According to APA.org (2018), intelligence is nothing other than the functioning of the intellect an individual possesses. APA.org (2018) discusses how to compete more effectively through proper sleep, diet, education, etc., in intelligent functions; apparently, feeding the brain improves how the brain functions, thus increasing intelligence opportunities and competitive skills against others on an Intelligence Quotient (IQ) standardized test. Locke (2005) explored the intelligence side of the misnomer emotional intelligence, further supporting that an individual’s intelligence, even if focused just on emotional responses, cannot and should not measure the intelligence of the individuals involved in a situation. Finally, Joseph (2016) imported that understanding the leader-member exchange (LMX) and working to improve the LMX remains more important than being, whatever definition is currently accepted for, emotionally intelligent.
Thus, I conclude that agency in employment situations is more critical to building team member identities than a false claim of emotional intelligence. That emotional intelligence remains not just a misnomer, but a complete fallacy is supported by research. Even if all a person currently knows is their emotional choices as they respond to environmental stimuli, their potential to learn and become more intelligent remains independent of their individual emotional choices. Locke (2005) mentioned the final reason for emotional intelligence being a misnomer, echoed by Mayer, Salovey, and Caruso (2004) among many others, emotional intelligence remains defined by each individual researcher, and the power to influence emotional intelligence remains in the popularity of the researchers, not sound science. Hence, it would behoove every leader to flush emotional intelligence as a current business “buzz word” from their vocabulary and return to describing emotions as a choice separate from an individuals’ intelligence potential.
Poerksen (1995) argued that plastic words provide no strengths within any field of endeavor, only weakness in word application, weakness in logic, and produce weaknesses in the audience to think and reason. Poerksen (1995) analogized the plasticity of words as “Legos,” a building block system designed to thwart the audience’s intellect, instead of building the audience to understanding. Poerksen (1995) remains adamant that stopping the practice of plasticizing words is not pessimistic or optimistic, merely a need to transmit messages of context and content, not flavor-of-the-month plastic words and phrases. Words have meanings, and these meanings need to be grounded in a foundation of accepted definitions. Thus, the researcher who would succeed should focus on employing words properly. Finally, it should be realized that intelligence has morphed into one of those plastic words that everyone knows, no one can define, and every researcher, and practitioner, will plasticize for their own benefit. A working definition of intelligence that I prefer is “The ability to acquire and use knowledge and skills, to continue learning and growing; through the manipulation of the environments surrounding the seeker of intelligence;” while not scientifically supported, this is my definition as based upon fundamental research. The problem is that many researchers will have a different definition, and more practitioners even more definitions; hence the example of plastic words is demonstrated (QED), and the futility of emotional intelligence debunked.
How should a business leader avoid the maelstrom of buzz words, jargon, and popular beliefs? The business leader wanting to avoid the vortex would first never stop learning. Read a book. Read peer-reviewed articles and decide upon their veracity by watching the effect on people, as individuals in your organization. Engage in a debate with loyal oppositionists. One of the best leaders I know has the most violent debates in the boardroom. But, his team of C-Level leaders are friends, they are tight socially, and they all possess confidence and independence to act. One would think the opposite was true, but in debating ideas, the team has grown to trust the others’ logic in which they work. This trust is communicated down through the business organization and is reflected in motivated employees of all levels and responsibilities.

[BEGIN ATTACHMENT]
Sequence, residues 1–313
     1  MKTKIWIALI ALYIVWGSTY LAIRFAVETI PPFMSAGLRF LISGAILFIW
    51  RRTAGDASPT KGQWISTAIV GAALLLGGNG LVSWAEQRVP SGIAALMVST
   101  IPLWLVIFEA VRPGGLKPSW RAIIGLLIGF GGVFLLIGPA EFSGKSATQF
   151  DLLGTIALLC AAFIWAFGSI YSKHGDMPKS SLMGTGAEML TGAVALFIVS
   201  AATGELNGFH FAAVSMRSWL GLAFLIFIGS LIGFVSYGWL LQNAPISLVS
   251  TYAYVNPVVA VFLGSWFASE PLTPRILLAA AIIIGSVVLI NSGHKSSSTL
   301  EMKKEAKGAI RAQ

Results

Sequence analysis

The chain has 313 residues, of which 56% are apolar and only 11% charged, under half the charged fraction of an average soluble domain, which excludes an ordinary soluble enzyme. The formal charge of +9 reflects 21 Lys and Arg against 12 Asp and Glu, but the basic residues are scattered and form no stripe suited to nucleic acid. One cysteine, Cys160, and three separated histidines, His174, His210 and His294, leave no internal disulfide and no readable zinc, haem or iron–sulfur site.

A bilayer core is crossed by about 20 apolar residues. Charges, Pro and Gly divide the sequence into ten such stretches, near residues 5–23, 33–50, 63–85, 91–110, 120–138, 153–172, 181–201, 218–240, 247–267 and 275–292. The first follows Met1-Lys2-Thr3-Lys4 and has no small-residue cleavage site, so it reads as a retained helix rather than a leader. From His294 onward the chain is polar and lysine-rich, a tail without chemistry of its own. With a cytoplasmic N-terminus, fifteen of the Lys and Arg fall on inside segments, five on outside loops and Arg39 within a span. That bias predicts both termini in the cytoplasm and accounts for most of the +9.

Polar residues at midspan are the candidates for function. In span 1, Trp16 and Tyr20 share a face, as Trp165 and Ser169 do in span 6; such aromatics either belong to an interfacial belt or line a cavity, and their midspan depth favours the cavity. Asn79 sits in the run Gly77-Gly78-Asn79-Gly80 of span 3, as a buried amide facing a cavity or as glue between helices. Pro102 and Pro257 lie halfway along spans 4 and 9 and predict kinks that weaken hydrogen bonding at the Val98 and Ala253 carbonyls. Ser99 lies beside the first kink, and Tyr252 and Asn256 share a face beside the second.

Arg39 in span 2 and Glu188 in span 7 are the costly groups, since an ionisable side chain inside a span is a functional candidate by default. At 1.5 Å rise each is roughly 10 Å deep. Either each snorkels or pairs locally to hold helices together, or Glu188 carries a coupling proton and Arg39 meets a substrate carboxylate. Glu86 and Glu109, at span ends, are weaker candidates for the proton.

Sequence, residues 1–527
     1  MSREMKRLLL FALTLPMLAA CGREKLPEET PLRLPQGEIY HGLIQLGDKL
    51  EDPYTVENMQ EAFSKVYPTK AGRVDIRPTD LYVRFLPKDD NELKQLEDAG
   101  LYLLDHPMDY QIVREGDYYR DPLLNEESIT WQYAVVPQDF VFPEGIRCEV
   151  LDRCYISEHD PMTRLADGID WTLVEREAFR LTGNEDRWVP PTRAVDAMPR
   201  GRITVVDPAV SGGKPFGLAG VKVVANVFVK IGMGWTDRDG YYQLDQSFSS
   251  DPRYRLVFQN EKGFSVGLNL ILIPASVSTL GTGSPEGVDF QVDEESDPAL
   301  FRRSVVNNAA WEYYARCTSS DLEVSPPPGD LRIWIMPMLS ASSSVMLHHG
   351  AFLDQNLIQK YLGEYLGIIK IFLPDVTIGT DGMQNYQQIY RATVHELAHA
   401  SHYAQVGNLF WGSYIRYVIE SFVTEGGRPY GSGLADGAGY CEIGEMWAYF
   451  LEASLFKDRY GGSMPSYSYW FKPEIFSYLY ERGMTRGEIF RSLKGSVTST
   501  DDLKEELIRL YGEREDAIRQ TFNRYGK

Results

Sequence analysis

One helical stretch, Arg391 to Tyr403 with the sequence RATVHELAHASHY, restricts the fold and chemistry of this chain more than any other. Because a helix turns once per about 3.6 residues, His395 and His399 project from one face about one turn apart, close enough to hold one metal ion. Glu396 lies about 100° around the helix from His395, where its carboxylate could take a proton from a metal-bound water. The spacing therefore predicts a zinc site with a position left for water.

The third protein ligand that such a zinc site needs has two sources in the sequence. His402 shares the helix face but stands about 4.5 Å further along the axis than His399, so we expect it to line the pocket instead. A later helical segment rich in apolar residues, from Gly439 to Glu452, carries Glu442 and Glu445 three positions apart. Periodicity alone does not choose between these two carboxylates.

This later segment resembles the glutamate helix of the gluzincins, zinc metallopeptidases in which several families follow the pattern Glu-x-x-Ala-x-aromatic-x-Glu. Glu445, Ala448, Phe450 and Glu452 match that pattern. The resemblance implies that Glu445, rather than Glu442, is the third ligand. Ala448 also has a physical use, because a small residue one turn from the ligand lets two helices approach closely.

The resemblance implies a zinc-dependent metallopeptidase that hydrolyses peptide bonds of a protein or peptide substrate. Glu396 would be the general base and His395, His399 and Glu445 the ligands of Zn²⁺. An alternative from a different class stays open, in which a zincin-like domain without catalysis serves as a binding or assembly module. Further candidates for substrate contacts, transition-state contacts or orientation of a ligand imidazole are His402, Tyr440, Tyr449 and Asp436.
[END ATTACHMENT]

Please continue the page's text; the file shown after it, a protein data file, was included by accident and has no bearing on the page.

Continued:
Emotional Intelligence will die as a concept when the researcher’s and practitioner’s social popularity begins to subside. What will not disappear is the continued use of plastic words to describe, detail, stretch, contort, and deceive people. Hence, the third suggestion to avoid calamity brought about by jargon unleashed is to recognize plastic words, and if in doubt, refer to the first suggestion, read a book!
Antonakis, J., Ashkanasy, N. M., & Dasborough, M. T. (2009). Does leadership need emotional intelligence? The Leadership Quarterly, 20, 247-261. doi: 10.1016/j.leaqua.2009.01.006
APA.org. (2018). Psychology topics: Intelligence. Retrieved April 16, 2018, from http://www.apa.org/topics/intelligence/index.aspx
Boler, J. (1968). Agency. Philosophy and Phenomenological Research, 29(2), 165-181. doi: 10.2307/2105850.
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Joseph, T. (2016). Developing the leader-follower relationship: Perceptions of leaders and followers. Journal of Leadership, Accountability and Ethics, 13(1), 132.
Lewis, K. M. (2000). When leaders display emotion: How followers respond to negative emotional expression of male and female leaders. Journal of Organizational Behavior, 21(2), 221-234. doi:10.1002/(SICI)1099-1379(200003)21:2<221::AID-JOB36>3.0.CO;2-0
Lievens, F., & Chan, D. (2017). Practical intelligence, emotional intelligence, and social intelligence. In Handbook of employee selection (pp. 342-364). Routledge.
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Poerksen, U. (1995). Plastic words: The tyranny of modular language (J. Mason, & D. Cayley, Trans.). University Park, PA: The Pennsylvania State University Press
Smollan, R., & Parry, K. (2011). Follower perceptions of the emotional intelligence of change leaders: A qualitative study. Leadership, 7(4), 435-462. doi: 10.1177/1742715011416890
Solomon, R. C. (2003). Not passion’s slave: Emotions and choice [Kindle 6.10 version].
Van Kleef, G. A., Homan, A. C., Beersma, B., &van Knippenberg, D. (2010). On angry leaders and agreeable followers: How leaders’ emotions and followers’ personalities shape motivation and team performance. Psychological Science, 21(12), 1827-1834
Yalom, I. D. (1980). Existential psychotherapy. Retrieved from https://pdfs.semanticscholar.org/d05e/ba9b468ea6cdfa15b882ff3ed0977369562c.